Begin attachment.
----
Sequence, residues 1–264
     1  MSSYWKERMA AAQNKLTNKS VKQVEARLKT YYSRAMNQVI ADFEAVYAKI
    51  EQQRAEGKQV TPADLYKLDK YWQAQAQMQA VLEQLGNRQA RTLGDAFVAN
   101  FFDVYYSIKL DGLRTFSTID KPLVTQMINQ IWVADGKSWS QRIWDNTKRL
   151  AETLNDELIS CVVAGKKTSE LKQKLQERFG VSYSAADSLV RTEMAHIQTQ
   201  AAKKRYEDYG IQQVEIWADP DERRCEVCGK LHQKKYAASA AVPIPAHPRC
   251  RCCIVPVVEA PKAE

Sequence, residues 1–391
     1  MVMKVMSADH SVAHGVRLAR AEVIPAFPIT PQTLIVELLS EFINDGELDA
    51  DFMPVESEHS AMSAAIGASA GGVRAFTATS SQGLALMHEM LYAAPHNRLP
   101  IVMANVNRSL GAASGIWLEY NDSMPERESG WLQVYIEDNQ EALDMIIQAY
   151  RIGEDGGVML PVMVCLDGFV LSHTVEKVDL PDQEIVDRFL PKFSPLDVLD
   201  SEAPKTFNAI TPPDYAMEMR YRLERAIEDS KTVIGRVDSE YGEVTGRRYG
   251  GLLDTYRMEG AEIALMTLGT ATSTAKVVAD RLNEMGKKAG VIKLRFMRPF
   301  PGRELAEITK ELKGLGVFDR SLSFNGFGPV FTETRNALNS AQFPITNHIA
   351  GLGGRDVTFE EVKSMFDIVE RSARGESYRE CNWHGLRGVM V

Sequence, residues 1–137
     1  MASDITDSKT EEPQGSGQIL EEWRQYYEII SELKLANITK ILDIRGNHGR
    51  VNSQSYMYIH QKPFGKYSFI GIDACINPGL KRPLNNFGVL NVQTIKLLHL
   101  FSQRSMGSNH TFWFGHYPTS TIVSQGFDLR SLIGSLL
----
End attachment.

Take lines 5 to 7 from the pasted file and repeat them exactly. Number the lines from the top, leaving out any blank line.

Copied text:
   151  AETLNDELIS CVVAGKKTSE LKQKLQERFG VSYSAADSLV RTEMAHIQTQ
   201  AAKKRYEDYG IQQVEIWADP DERRCEVCGK LHQKKYAASA AVPIPAHPRC
   251  RCCIVPVVEA PKAE